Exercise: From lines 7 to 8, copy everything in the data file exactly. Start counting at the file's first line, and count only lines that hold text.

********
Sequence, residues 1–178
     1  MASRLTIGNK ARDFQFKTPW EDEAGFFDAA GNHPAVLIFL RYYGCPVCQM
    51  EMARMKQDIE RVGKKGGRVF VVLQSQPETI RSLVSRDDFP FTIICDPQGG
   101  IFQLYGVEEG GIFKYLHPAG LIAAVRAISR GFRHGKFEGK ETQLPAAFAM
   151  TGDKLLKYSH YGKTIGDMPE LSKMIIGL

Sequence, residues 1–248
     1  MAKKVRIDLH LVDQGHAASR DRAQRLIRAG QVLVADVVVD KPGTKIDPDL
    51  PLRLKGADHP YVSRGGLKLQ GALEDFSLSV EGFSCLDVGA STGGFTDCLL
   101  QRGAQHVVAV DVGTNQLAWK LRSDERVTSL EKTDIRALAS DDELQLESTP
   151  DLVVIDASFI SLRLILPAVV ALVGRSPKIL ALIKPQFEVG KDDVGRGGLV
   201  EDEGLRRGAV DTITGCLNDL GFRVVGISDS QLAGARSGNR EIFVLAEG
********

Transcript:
     1  MAKKVRIDLH LVDQGHAASR DRAQRLIRAG QVLVADVVVD KPGTKIDPDL
    51  PLRLKGADHP YVSRGGLKLQ GALEDFSLSV EGFSCLDVGA STGGFTDCLL